The Government’s proposals to sell and lease a large proportion of Forestry Commission woodland has generated a lot of revealing political and press comment. Revealing because it shows how little most of the commentators know about the Commission, its impact on the countryside and wider land management.
Reading the breathless columns predicting environmental and landscape destruction, and access restrictions, as a result of private ownership and management of woodland you would have thought that the Forestry Commission has been the sole protector and creator of woodland and biodiversity.
A brief history lesson is in order. The Forestry Commission was created in 1919 to grow timber. The First World War had seen timber supplies, critical for the production of pit props amongst other things, heavily depleted. The Government was determined that Britain must be self sufficient in timber and began to purchase, lease and plant huge acreages of upland Britain with non-indigenous conifer plantations. These plantations changed, some would say destroyed, many extraordinary upland landscapes completely. This focus on intensive timber production was not just a feature of the early years of the Commission. Well into the 80s the Commission was still planting, and encouraging private landowners to plant, vast acreages of sitka spruce, lodge pole pine and other conifer species at densities that have produced dark, lifeless woodlands which contribute virtually nothing to biodiversity, landscape or human activities.
Of course the Forestry Commission has also acted as steward to ancient woodlands like the Forest of Dean and in recent years has focussed far more on biodiversity, sustainable forestry and public amenity, but a large proportion of its land holding remains pure and simple commercial conifer plantations. The sale or lease of such woodland with, of course, legal protection for those currently enjoying access to them cannot do any more harm than their original creation. In fact private owners may well seek to increase biodiversity especially if they have an interest in shooting and hunting.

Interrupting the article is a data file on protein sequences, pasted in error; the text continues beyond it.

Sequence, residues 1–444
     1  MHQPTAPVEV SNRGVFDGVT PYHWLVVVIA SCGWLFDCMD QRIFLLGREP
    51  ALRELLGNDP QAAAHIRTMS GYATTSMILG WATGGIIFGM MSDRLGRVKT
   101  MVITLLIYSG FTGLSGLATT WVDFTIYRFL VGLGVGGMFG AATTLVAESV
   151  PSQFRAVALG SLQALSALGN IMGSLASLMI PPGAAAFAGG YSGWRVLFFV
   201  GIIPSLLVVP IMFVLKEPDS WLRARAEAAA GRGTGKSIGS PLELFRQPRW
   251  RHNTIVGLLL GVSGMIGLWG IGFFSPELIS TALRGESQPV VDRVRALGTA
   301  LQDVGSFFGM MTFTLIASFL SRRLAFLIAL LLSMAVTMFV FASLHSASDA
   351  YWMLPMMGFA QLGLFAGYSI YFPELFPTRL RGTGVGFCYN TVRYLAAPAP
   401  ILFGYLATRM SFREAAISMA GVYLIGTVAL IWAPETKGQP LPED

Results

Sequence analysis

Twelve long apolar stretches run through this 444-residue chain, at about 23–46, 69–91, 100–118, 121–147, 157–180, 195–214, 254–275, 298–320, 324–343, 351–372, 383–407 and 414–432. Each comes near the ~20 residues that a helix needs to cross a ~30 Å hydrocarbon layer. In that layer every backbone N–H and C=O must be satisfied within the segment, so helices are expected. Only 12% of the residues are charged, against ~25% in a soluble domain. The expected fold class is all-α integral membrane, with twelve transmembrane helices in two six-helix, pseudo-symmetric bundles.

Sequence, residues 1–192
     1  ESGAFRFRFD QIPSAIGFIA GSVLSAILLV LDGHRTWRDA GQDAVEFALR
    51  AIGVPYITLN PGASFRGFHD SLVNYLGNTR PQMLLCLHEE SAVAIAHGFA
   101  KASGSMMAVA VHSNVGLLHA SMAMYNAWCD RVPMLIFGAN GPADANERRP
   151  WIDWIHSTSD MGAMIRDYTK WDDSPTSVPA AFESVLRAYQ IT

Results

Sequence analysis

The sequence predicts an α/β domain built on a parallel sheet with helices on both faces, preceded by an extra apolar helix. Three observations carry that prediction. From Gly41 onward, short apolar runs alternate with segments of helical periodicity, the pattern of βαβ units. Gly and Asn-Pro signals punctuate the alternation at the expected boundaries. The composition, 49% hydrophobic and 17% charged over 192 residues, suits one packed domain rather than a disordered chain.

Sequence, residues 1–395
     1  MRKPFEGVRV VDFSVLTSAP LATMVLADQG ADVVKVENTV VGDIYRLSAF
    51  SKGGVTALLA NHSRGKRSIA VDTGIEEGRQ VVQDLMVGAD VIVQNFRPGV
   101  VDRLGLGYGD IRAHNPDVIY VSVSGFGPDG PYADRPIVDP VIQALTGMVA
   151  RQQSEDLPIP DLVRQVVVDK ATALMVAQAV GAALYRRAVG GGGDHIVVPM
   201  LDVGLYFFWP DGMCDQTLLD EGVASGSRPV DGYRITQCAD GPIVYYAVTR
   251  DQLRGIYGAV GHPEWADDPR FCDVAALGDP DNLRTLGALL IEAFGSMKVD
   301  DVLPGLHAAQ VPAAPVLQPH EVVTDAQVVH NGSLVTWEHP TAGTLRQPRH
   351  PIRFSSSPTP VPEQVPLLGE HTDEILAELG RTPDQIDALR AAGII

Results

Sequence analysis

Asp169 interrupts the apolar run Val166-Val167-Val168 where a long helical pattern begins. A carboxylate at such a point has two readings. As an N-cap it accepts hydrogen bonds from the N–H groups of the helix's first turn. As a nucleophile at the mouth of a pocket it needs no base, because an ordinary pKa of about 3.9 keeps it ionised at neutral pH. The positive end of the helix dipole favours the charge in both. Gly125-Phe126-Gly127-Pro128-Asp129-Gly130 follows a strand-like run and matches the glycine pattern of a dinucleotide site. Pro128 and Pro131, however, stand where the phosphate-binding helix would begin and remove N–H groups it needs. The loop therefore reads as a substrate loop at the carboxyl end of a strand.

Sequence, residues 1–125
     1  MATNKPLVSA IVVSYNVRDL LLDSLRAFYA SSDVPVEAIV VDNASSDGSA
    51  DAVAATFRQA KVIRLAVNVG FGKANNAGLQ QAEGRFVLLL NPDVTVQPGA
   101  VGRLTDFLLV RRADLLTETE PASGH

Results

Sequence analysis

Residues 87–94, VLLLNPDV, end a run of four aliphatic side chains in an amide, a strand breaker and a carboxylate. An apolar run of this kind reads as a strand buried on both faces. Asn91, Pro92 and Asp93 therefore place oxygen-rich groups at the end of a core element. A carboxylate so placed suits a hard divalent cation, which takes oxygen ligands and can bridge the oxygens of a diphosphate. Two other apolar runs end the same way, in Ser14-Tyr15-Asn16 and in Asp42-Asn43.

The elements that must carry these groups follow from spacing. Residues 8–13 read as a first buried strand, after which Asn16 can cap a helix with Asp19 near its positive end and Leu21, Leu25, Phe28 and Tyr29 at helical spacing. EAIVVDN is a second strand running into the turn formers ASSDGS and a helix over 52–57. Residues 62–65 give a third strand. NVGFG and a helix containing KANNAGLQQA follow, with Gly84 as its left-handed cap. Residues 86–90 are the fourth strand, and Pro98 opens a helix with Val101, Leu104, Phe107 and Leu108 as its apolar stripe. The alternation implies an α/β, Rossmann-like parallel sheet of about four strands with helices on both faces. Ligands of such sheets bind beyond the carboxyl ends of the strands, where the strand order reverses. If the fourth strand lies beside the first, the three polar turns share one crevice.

Yet the idea that the Forestry Commission is a wholly benign and positive conservation organisation will continue to be promoted by those who are ignorant of the truth or who simply want a stick, or tree, with which to bash the Government. We no longer expect the Government to mine coal or produce steel so why on earth should it still be in the business of producing timber? We all want to conserve and create sustainable woodland with environmental and amenity value, but selling or leasing commercial Forestry Commission woodland is a wholly different debate. Those who are so keen to wade in to debates about the countryside should, at the very least, get their facts straight first.
This article first appeared in Countryman’s Weekly magazine